“[N]egligent training occurs when an employer ‘was negligent in the implementation or operation of the training program’ and the negligence causes a plaintiff’s injury.” see Gutman v. Quest Diagnostics Clinical Labs., Inc., 707 F. Supp. 2d 1327, 1332 (S.D. Fla. 2010); Wynn v. City of Lakeland, 727 F. Supp. 2d 1309, 1317 (M.D. Fla. 2010). If a Plaintiff cannot allege or prove that a Defendant has a training program and that it is deficient in its implementation or operation, a negligent training claim may not exist. See In re Mednax Services, F. Supp. 3d at 1227. Accordingly, prudent Florida businesses ensure all employees regularly receive adequate data protection training. Prudent businesses ensure their data protection training meets or exceeds the industry standard. Id.

2. Prudent Businesses Act in Accordance with Industry Standard
“Florida courts have refused to recognize a private right of action for negligence per se based on an alleged violation of a federal statute that does not provide for a private right of action.” Stevens v. Danek Medical, Inc., 1999 U.S. Dist. LEXIS 22397, 1999 WL 33217282, at *5-6 (S.D. Fla. 1999) (citing Jupiter Inlet Corp. v. Brocard, 546 So. 2d 1, 2-3 (Fla. 4th DCA 1998). In healthcare, HIPPA generally describes a medical provider’s obligation to protect patient data. Florida courts have generally found that alleged HIPAA violations cannot form the basis for a private cause of action against a healthcare provider. See Sneed v. Pan Am. Hosp., 370 F. App’x 47, 50 (11th Cir. 2010). As healthcare providers “are required by law to adhere to HIPAA without receiving any consideration,” HIPAA also “cannot create contractual obligations” between patients and healthcare providers. Brush v. Miami Beach Healthcare Grp. Ltd., 238 F. Supp. 3d 1359, 1367 (S.D. Fla. 2017).

Although allegations of HIPPA compliance cannot form the basis of a private cause of action, HIPPA non-compliance and non-compliance with other data protection statutes may still be relevant to a data breach negligence class action. A defendant’s “failure to follow industry standards is probative of the standard of care” applied to a Defendant in a negligence action. Francis v. MSC Cruises, S.A., 546 F. Supp. 3d 1258, 1262 (S.D. Fla. 2021), aff’d, No. 21-12513, 2022 WL 4393188 (11th Cir. Sept. 23, 2022). “Case law is clear that evidence of violation of industry standards is admissible as non-conclusive evidence of negligence.” Dean Witter Reynolds, Inc. v. Hammock, 489 So. 2d 761, 767 (Fla. 1st DCA 1986).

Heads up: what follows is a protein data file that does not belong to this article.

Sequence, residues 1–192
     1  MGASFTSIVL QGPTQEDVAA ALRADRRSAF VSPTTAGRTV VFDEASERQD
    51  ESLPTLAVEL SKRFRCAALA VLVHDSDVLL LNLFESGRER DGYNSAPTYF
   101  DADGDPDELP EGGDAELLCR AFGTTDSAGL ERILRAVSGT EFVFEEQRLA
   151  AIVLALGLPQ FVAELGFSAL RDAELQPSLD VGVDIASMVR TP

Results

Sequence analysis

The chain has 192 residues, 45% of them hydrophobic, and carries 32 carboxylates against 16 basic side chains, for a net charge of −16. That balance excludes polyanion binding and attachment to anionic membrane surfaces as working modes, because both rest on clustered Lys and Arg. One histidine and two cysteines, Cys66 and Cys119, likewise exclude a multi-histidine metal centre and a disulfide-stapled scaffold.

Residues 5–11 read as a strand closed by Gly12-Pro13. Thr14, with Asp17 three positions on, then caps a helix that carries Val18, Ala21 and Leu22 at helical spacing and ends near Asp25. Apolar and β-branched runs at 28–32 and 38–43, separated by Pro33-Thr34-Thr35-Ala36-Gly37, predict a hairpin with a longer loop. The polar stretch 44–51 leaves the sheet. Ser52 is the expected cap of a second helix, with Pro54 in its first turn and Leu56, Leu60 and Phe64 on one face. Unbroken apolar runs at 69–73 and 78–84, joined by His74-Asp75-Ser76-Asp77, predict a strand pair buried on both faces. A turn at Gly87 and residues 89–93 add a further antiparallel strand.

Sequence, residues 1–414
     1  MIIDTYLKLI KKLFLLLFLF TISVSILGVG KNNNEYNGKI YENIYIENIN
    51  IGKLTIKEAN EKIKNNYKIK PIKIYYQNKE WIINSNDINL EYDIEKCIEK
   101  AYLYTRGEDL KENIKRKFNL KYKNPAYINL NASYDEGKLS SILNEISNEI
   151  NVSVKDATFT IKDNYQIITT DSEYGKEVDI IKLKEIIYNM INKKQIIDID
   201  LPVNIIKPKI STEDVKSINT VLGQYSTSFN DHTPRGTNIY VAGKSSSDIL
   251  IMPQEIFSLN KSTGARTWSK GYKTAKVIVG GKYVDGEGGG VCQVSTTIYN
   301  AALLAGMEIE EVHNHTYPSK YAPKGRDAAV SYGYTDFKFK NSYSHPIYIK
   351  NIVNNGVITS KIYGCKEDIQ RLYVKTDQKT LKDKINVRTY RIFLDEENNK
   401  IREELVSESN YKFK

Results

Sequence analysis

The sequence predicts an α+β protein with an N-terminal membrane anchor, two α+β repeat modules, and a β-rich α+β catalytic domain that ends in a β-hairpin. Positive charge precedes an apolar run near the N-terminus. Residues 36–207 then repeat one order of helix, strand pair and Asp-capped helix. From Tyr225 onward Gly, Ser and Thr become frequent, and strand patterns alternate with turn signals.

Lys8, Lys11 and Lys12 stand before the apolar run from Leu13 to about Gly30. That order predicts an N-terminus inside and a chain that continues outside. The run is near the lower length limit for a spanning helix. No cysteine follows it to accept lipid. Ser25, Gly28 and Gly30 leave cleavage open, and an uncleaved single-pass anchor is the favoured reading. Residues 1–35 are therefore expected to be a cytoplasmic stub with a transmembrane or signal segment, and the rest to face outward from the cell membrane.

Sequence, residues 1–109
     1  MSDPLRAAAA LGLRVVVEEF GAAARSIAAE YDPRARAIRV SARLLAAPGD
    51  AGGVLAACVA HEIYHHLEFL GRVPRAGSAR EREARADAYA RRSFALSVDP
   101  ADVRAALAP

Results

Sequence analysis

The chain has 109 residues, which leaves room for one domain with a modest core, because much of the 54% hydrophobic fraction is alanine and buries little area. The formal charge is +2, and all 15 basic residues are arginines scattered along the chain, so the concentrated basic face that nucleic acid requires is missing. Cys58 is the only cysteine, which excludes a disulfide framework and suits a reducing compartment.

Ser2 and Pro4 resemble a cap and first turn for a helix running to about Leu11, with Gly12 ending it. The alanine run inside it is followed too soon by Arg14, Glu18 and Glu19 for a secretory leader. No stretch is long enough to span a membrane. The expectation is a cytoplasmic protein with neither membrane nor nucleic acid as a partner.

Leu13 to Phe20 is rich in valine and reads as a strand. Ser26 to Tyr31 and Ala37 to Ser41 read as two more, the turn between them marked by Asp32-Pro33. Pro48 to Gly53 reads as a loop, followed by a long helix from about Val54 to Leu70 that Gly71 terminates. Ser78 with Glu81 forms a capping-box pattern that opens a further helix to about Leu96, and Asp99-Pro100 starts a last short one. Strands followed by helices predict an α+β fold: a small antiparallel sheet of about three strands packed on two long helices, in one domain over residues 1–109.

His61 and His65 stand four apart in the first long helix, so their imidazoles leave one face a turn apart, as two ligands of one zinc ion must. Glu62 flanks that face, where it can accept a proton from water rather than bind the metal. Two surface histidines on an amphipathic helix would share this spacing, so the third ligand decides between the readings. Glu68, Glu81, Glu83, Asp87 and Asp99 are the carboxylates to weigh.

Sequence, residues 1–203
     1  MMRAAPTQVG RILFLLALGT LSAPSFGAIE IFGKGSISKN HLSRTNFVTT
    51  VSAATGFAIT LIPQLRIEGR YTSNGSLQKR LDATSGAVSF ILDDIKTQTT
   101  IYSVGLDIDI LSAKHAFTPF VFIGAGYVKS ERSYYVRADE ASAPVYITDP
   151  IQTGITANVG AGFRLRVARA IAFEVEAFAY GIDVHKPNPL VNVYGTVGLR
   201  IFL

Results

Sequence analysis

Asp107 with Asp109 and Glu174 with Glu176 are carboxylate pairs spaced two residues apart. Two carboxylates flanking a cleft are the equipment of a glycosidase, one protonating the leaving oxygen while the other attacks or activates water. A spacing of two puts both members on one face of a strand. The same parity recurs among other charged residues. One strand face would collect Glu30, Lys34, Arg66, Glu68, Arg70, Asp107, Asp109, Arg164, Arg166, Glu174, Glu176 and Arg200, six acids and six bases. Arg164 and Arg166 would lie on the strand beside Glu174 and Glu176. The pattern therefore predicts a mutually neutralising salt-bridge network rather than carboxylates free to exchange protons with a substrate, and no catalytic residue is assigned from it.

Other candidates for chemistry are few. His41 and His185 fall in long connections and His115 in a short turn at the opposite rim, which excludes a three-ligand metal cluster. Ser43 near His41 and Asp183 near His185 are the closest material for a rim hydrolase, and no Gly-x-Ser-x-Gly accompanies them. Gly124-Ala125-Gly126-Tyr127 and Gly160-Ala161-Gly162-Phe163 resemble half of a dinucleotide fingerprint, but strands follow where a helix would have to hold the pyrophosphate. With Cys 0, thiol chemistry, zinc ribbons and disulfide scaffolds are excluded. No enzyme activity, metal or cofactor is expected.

Prudent Florida businesses implement processes and procedures that minimize their prospective negligence liability in the event of a data breach. Data breach class action complaints often include allegations of negligent supervision and/or hiring and are often predicated on violation of the applicable standard of care. Accordingly, prudent Florida businesses often ensure they meet or exceed the industry’s standard data protection policies. While compliance with industry standards is non-conclusive, evidence of compliance with industry standards will likely help businesses limit their legal liability and present a strong defense to data breach negligence claims.